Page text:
If you were to think about what a colon cancer patient looks like, you probably would not picture someone like Phil Decker, 46, of Robins. He’s under 50-years-old, in good physical shape, exercises consistently and he’s even run a couple marathons – in fact he’s currently training to run the Boston Marathon later this month.
Despite all this, in January of 2022, Decker was diagnosed with colon cancer. Not being “one of those guys who’s going to sit on the couch and let [cancer] win,” Decker has decided to make it his mission to raise awareness about colon cancer and how it can happen to anyone.
A Surprise Diagnosis
At a routine appointment with his primary care provider, Dr. Alecia Allen with UnityPoint Clinic, the topic of screening colonoscopies came up. Under new guidelines released in May 2021 by the United States Preventive Services Task Force (USPSTF), which lowered the recommended age patients should start screening for colon cancer from 50 to 45, Decker qualified for a screening colonoscopy.
He wasn’t experiencing any symptoms, but he took Dr. Allen’s advice and scheduled the procedure. Decker had his screening colonoscopy at UnityPoint Health – St. Luke’s Gastroenterology with Dr. Pavan Chepyala. On January 5, Decker received the shocking news: Stage IV colon cancer that had spread to his liver.
“[Dr. Allen] had never told me to get a test in my life. I trusted her and listened to her. She probably saved my life,” said Decker. “She’s my guardian angel.”
Treatment at the Nassif Community Cancer Center
Upon his diagnosis, Decker was referred to the Nassif Community Cancer Center in Cedar Rapids for treatment. The Nassif Community Cancer Center is a partnership of UnityPoint Health – St. Luke’s Hospital and Physicians’ Clinic of Iowa, in collaboration with other community-based specialty providers.
Connie Dietiker, RN, served as Decker’s care coordinator at the Community Cancer Center. A care coordinator is a patient’s constant point of contact throughout the cancer journey. They will assess needs, set up referrals within the cancer care team and serve as resource for the patient to answer questions and listen.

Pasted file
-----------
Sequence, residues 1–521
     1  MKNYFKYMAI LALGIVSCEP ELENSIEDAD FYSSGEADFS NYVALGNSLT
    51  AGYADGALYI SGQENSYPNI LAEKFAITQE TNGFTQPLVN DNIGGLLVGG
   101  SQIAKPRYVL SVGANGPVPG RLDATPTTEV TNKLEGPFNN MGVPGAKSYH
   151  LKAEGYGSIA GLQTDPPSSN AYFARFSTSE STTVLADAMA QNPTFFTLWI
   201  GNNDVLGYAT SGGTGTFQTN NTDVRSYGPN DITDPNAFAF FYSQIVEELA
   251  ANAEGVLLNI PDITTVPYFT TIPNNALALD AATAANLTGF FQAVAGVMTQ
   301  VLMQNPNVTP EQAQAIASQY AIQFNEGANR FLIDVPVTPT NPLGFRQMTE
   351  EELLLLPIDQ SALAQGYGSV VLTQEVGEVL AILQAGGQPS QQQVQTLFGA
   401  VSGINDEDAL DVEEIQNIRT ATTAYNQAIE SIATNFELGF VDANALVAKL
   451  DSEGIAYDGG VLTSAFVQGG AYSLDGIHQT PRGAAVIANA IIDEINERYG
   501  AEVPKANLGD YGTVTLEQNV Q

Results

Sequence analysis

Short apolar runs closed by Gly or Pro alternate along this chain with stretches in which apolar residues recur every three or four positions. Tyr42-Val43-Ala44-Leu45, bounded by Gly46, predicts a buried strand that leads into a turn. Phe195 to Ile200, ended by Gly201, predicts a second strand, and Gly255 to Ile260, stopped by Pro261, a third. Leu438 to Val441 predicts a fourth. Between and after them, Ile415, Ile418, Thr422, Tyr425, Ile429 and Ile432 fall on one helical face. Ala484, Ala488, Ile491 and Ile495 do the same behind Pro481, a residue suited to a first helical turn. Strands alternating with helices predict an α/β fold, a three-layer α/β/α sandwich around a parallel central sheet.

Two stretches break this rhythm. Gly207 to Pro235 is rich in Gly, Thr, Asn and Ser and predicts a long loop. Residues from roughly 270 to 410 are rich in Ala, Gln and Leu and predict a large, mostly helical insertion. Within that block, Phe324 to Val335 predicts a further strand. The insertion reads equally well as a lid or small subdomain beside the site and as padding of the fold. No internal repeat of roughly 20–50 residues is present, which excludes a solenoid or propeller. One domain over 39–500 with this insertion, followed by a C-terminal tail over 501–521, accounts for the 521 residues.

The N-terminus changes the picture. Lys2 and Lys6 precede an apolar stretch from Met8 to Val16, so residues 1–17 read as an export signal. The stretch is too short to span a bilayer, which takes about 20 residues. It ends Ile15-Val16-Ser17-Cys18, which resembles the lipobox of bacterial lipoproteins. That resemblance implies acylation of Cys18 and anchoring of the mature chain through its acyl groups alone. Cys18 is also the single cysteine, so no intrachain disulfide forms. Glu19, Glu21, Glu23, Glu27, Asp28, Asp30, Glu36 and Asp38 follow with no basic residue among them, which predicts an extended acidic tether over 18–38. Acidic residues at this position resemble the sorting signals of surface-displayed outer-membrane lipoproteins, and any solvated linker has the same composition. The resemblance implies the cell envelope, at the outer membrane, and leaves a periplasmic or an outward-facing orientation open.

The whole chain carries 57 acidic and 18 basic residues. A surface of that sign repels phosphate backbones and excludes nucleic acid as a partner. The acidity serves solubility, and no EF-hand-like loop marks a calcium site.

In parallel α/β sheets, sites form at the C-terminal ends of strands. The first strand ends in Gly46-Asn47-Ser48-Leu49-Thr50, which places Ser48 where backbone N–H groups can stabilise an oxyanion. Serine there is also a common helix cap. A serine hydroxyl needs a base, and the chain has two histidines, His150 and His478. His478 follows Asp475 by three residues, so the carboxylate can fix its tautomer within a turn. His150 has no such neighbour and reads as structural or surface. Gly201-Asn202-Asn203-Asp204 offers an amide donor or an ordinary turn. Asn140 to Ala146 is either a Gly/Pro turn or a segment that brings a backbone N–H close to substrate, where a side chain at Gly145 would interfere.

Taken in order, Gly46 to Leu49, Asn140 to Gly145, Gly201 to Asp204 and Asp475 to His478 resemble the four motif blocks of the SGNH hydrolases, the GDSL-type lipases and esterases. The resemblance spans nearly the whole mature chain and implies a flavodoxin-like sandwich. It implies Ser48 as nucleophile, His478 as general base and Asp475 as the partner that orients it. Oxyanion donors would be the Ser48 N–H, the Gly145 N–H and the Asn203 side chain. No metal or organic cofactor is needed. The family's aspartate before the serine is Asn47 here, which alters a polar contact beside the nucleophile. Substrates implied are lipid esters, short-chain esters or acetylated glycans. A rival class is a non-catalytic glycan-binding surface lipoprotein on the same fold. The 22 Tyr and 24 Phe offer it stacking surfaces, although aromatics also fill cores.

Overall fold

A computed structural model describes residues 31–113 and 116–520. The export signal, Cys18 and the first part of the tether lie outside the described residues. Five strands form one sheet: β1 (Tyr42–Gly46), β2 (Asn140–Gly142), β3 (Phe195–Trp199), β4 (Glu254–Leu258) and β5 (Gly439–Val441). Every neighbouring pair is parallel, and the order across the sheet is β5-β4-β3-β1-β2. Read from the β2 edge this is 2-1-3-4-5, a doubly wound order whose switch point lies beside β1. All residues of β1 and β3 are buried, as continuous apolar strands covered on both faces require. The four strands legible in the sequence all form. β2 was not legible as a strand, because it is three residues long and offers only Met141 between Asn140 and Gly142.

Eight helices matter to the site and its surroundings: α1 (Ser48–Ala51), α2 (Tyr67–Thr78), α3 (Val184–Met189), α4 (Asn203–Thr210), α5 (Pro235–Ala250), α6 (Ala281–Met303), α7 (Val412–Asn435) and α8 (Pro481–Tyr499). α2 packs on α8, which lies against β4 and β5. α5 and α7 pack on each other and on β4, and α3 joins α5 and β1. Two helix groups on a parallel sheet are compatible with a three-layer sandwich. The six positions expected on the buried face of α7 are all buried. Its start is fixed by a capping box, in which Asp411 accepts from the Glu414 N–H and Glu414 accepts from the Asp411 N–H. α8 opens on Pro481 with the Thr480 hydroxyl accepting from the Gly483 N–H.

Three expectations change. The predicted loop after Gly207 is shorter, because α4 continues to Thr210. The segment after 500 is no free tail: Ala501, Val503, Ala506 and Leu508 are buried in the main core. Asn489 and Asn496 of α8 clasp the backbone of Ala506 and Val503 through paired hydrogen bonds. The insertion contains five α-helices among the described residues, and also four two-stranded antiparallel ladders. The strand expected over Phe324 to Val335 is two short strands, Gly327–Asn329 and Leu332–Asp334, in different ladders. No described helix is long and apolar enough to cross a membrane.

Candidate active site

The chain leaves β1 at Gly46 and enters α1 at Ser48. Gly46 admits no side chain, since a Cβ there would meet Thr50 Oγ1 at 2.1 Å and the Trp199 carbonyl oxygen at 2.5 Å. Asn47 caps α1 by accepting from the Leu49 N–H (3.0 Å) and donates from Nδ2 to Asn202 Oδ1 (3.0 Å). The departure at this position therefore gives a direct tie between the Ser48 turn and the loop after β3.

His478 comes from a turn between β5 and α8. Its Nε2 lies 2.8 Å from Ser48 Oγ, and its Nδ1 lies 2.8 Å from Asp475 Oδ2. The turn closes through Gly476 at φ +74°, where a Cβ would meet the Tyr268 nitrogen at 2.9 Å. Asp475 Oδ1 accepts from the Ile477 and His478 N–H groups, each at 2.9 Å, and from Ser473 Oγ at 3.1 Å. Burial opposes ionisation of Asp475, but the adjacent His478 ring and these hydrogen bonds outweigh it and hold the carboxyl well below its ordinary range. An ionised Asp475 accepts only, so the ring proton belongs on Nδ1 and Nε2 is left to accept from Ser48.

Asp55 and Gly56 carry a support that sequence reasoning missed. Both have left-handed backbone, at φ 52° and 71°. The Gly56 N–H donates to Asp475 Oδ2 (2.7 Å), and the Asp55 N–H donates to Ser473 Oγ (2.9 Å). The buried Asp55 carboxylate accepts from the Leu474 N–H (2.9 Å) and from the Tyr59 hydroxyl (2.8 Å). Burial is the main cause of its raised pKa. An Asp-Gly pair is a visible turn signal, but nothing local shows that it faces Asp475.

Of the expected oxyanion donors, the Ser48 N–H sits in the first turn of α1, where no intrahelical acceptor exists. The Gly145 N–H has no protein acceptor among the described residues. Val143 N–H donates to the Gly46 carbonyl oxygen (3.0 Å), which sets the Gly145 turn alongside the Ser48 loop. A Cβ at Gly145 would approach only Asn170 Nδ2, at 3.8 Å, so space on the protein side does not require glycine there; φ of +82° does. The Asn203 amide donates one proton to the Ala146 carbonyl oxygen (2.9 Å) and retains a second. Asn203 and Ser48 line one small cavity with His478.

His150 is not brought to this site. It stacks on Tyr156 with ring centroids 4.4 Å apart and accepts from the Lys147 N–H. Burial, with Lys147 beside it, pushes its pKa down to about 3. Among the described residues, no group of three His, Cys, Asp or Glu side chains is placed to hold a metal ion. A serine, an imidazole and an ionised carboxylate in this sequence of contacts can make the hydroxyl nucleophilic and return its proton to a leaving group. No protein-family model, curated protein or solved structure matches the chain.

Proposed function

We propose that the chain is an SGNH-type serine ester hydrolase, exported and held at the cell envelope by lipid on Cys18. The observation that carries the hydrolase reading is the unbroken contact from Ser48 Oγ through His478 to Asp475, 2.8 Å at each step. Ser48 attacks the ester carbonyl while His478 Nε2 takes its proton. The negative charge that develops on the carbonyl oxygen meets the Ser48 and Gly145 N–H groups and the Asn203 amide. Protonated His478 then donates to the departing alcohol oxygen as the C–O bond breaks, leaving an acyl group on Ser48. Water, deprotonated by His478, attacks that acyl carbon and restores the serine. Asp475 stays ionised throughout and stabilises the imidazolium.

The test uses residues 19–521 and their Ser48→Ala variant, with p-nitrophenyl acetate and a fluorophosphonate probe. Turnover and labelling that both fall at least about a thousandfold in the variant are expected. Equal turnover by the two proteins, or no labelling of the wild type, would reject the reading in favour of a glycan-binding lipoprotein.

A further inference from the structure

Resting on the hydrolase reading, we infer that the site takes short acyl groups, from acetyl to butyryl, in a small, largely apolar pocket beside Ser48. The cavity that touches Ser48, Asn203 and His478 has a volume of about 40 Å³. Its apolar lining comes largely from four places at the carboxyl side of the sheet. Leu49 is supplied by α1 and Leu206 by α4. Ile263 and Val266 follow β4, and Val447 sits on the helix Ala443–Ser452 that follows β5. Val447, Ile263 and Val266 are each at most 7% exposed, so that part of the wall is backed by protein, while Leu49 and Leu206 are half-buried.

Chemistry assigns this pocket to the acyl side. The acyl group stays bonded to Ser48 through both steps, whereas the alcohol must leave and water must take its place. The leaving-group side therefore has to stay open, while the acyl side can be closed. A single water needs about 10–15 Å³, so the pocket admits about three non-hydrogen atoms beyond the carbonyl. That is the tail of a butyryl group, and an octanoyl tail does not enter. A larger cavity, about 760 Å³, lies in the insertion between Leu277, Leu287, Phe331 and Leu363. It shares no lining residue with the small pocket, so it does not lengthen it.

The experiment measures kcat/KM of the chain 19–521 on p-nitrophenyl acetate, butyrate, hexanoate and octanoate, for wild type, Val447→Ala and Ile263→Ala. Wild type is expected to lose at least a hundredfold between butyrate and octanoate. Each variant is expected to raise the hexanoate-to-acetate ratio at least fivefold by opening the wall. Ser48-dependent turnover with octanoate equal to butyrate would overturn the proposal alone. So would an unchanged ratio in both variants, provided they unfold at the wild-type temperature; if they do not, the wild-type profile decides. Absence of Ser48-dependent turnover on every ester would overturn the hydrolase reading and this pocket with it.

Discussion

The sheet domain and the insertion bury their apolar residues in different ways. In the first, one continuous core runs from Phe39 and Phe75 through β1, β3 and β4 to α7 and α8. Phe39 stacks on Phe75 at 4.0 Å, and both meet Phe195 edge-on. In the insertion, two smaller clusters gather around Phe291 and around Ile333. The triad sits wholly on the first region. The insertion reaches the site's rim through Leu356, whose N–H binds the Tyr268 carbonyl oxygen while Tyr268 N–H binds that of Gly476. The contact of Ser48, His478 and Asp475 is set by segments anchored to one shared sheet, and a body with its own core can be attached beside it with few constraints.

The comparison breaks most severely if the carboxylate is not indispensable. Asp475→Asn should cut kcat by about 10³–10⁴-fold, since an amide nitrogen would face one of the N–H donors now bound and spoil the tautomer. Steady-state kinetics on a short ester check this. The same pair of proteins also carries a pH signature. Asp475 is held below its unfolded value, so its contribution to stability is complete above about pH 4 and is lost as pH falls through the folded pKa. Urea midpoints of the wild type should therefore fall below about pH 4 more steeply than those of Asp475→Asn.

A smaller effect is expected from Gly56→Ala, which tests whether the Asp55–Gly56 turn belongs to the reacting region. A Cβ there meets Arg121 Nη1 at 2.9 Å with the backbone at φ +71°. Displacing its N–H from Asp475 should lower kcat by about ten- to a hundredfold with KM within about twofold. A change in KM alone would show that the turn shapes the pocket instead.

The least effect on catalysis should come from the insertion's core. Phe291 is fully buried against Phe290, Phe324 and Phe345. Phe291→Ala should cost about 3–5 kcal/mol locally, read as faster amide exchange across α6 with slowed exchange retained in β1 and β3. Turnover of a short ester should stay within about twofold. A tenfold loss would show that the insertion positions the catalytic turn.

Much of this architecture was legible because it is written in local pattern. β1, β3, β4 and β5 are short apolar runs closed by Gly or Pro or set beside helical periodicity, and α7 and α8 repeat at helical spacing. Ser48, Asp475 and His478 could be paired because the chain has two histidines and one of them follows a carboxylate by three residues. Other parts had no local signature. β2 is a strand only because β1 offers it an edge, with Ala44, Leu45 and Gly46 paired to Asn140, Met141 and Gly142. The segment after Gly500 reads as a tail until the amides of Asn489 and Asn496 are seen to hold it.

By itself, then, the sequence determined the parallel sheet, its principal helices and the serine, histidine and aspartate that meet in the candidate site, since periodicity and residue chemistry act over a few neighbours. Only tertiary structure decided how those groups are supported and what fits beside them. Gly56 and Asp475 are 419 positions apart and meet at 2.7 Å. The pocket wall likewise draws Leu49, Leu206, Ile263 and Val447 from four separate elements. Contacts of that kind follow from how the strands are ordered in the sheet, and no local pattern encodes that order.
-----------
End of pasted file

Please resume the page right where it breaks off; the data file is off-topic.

“Connie is awesome. She’s an advocate, a guardian angel, and I can’t say enough good things about her,” said Decker. “One time I needed an MRI, and it was scheduled for a week out. Connie picked up the phone and got it moved up. I was there for my MRI four hours later. I would walk over hot coals for Connie.”
“They’ve both been great. As soon as this is all done, the first person I’ll call is Matt. I’ve lifted my whole life, but this will be like coming back from an injury. You need somebody to guide you,” said Decker. “Mary Beth comes to see me in chemo all the time and has given me great ideas. When I transition to the diet I want to be on the rest of my life, she will be a great resource.”
An Opportunity to Raise Awareness
Even with a diagnosis like the one Decker received, he’s not taking time to feel sorry for himself or ask, ‘why me?’ He believes he’s been given an opportunity to raise awareness about colon cancer and how it can happen to anyone.
“I’m a very big believer that I can only control what I can control. I have cancer now and I’ve got to fight,” said Decker. “If I sit around and think ‘why did this happen to me?’ I don’t think that’s very productive.”
Decker certainly has been productive over the past few months. While undergoing the rigors of cancer treatment, he started a website called tell5friends.org. The site encourages everyone to tell their five closest friends to get a screening colonoscopy, shares his story, provides info and resources about colon cancer awareness and shares about his mission and how you can help.
Phil Decker, who is battling stage IV colon cancer with the help of his team at the Nassif Community Cancer Center, joins Dr. Arnold to talk about his mission to raise awareness about colon cancer and how it can happen to anyone.
Running to Give Back
Phil’s ultimate goal is to run the Boston Marathon on Monday, April 18. Along his journey to the marathon, he’s raising money for two organizations who support cancer patients and their families.
The first is the I Know Jack Foundation, a great community partner of the Nassif Community Cancer Center. I Know Jack provides “Jack Packs” to each cancer patient who walks through the doors of the Nassif Community Cancer Center. Each Jack Pack contains items helpful to patients. Upon receiving his Jack Pack, Decker learned more about Jack and was impressed by his story.
“That kid has been through hell and he still fights, and his family is paying it forward,” said Decker. “So I’m using the Boston Marathon as a fundraiser for them.”
Half of the money raised will also go to benefit Children’s Cancer Connection, which is an organization that connects families affected by childhood cancer by providing opportunities that encourage relationships and strengthen community.
To date, Decker has raised over $11,000 for these two organizations. Individuals interested in supporting Decker’s journey and these organizations may donate on his website.
Individuals who are 45 or older are encouraged to talk with their primary healthcare provider about colon cancer screening. For more information about services available to colon cancer patients at the Nassif Community Cancer Center, call (319) 558-4876.